Anonymous activists have hacked the US government again. On July 20, the group of online hackers attacked the United States Census Bureau in protest of the proposed Transatlantic Trade and Investment Partnership between America and European Union and the Trans-Pacific Partnership trade negotiations with countries from North America and the Pacific Rim.
Information was stolen from Census’ Federal Audit Clearinghouse, which maintains and disseminates single audits used to assess whether organizations qualify for federal assistance funding and if they are abiding by all the regulations that accompany that funding.
— Anonymous Operations (@AnonOpsSE) July 22, 2015
The four files were then posted on paste sites openly available on the web. They contain the database of the US Census Bureau’s website along with its password hashes, 3000+ usernames, IDs, phone numbers, full names and names of the agencies and most importantly thousands of email IDs belonging to US official from the military, IRS, Census Bureau, Department of Home Security, US Department of Education, National Nuclear Security Administration and other high-profile US government institutions along with their addresses.
Anonymous told HackRead, “Getting into the Bureau’s site was a piece of cake, it was just a simple SQL injection, can you believe? This will hurt a lot of people.”
Census security officials discovered the breach on July 22, at which point they took the site offline to investigate. Census Bureau director John H. Thompson later confirmed the leak and revealed how the hackers could breach the department’s systems.
“Earlier this week, the Census Bureau experienced an attack to gain access to the Federal Audit Clearinghouse, which is housed on an externally facing IT system that contains non-confidential information, such as names of the person submitting the information, organization addresses and phone numbers, site user names, etc. While our IT forensics investigation continues, I want to assure you that at this time every indication is that the breach was limited to this database, and that it did not include personally identifiable information provided by people responding to our censuses and surveys.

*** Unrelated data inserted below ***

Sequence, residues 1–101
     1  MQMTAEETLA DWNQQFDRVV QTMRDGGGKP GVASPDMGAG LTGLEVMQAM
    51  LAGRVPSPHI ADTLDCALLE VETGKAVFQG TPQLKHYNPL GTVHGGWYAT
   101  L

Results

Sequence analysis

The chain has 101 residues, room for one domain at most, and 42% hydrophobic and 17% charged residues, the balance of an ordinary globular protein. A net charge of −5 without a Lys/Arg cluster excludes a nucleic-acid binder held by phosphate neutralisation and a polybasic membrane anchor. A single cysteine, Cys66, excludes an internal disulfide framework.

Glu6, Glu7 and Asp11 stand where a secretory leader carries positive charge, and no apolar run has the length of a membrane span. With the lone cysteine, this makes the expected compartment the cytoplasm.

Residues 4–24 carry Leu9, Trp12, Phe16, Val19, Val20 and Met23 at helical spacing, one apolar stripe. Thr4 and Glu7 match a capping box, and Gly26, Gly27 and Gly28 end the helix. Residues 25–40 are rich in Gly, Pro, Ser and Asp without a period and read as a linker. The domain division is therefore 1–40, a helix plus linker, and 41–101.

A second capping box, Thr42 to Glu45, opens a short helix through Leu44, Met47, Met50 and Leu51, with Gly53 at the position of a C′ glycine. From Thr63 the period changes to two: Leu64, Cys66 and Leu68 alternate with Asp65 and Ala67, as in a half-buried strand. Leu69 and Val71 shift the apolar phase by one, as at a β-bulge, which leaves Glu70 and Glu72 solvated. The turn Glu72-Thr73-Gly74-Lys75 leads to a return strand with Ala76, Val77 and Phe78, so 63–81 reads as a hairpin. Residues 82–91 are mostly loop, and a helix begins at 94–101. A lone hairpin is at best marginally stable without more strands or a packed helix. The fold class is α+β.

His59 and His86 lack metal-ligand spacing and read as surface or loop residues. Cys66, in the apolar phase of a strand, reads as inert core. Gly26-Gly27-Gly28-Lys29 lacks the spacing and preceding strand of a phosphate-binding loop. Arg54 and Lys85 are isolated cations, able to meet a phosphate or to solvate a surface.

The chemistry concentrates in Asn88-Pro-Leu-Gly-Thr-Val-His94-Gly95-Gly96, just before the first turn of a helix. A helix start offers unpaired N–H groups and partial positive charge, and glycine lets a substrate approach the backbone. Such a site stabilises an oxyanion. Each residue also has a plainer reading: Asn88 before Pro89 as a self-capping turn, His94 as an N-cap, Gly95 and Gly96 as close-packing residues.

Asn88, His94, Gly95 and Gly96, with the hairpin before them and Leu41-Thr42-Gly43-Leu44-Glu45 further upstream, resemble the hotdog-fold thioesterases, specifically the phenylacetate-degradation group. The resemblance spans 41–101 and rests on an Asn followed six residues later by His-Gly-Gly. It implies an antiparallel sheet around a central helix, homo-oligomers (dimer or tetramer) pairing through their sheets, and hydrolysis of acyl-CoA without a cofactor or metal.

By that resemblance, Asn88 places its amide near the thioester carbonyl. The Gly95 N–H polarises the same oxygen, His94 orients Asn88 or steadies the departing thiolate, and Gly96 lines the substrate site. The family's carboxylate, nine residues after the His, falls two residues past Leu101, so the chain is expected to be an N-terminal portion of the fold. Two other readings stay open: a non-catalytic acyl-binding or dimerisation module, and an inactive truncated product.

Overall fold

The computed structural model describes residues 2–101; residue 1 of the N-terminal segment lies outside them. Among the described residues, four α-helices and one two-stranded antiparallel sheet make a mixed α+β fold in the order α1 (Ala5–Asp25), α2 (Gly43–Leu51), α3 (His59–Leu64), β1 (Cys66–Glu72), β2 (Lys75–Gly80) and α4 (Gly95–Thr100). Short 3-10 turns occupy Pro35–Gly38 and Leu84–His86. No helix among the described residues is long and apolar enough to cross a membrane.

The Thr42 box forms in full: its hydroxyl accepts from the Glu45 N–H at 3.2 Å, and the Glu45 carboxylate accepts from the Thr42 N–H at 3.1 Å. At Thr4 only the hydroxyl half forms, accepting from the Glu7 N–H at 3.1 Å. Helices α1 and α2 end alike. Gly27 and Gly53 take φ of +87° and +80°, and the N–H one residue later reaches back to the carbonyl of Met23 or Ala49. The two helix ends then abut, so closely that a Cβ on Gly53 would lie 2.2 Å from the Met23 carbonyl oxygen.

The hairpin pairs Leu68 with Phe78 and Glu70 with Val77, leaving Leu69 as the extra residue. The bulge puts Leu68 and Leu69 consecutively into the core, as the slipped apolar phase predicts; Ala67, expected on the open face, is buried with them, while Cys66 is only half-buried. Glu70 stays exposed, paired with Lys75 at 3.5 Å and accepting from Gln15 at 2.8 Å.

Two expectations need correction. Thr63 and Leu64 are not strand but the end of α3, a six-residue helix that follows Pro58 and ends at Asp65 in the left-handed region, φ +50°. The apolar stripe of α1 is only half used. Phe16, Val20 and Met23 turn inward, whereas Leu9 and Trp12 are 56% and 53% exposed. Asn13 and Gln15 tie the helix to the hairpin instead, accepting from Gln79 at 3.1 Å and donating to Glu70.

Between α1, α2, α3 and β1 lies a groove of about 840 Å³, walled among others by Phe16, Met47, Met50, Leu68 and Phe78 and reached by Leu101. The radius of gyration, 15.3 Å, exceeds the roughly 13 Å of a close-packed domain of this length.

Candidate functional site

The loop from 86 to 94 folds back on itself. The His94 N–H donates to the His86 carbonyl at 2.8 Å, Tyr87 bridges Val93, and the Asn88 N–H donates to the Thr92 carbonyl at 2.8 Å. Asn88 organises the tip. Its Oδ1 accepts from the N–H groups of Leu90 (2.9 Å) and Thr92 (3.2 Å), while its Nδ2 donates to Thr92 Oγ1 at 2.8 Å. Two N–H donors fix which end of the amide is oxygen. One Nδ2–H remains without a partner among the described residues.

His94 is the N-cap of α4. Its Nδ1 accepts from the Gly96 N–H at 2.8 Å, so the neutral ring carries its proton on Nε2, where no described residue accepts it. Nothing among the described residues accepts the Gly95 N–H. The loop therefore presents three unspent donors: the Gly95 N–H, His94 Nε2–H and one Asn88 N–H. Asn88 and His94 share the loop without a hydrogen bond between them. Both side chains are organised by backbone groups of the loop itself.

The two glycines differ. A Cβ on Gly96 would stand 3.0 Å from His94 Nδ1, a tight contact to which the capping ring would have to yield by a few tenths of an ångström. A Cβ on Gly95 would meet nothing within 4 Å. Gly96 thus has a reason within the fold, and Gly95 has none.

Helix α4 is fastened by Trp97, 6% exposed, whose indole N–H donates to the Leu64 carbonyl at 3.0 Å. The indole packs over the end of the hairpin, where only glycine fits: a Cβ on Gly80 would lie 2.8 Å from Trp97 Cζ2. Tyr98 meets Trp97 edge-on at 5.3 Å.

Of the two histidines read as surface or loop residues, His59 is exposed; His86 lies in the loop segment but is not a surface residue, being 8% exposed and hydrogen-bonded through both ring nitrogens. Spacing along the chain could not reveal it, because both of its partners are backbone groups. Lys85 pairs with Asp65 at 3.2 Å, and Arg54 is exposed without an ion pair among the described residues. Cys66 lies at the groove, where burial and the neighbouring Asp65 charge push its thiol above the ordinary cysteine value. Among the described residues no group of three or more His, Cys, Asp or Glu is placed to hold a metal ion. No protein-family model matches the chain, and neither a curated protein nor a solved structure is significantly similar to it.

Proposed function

“It appears the database was compromised through a configuration setting that allowed the attacker to gain access to the four files posted to the hacker’s site. The hackers acquired the data illegally, but as I indicated above, the Clearinghouse site does not store any confidential household or business data collected by the Census Bureau. That information remains safe, secure and on an internal network segmented apart from the external site and the affected database,” he wrote.
The US Census Bureau gathers data on every US resident once every 10 years, as well as data on its economy every five years. It’s mission statement includes the line: “We honour privacy, protect confidentiality, share our expertise globally, and conduct our work openly.”
The July attack on Census Bureau follows a larger attack on the US Office of Personnel Management (OPM) in June that compromised personal information of millions of Americans.